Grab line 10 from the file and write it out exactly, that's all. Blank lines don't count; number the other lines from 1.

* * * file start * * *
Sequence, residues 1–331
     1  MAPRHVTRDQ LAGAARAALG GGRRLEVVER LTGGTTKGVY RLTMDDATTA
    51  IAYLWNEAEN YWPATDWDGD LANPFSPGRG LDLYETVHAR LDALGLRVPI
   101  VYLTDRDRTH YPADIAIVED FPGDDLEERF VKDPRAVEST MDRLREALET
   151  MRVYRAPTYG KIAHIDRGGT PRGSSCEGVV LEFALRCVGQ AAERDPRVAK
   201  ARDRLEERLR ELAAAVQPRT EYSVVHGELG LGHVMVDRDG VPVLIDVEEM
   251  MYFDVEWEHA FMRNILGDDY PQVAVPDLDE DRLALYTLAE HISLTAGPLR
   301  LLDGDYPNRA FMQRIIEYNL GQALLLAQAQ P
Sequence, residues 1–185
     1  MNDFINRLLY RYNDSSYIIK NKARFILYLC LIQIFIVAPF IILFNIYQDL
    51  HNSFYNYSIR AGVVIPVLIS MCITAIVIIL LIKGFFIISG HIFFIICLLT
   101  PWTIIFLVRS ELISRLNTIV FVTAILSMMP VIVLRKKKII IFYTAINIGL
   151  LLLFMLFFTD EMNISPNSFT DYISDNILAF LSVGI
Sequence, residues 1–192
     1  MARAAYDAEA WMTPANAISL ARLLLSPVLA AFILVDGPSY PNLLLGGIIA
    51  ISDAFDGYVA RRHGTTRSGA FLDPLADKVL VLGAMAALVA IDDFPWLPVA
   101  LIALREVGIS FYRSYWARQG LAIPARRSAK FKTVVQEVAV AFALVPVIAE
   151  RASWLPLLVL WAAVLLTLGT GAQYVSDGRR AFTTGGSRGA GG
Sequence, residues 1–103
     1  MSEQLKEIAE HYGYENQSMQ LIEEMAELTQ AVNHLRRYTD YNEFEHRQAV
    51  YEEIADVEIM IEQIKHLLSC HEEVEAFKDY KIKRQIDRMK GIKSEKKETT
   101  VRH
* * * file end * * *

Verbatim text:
     1  MNDFINRLLY RYNDSSYIIK NKARFILYLC LIQIFIVAPF IILFNIYQDL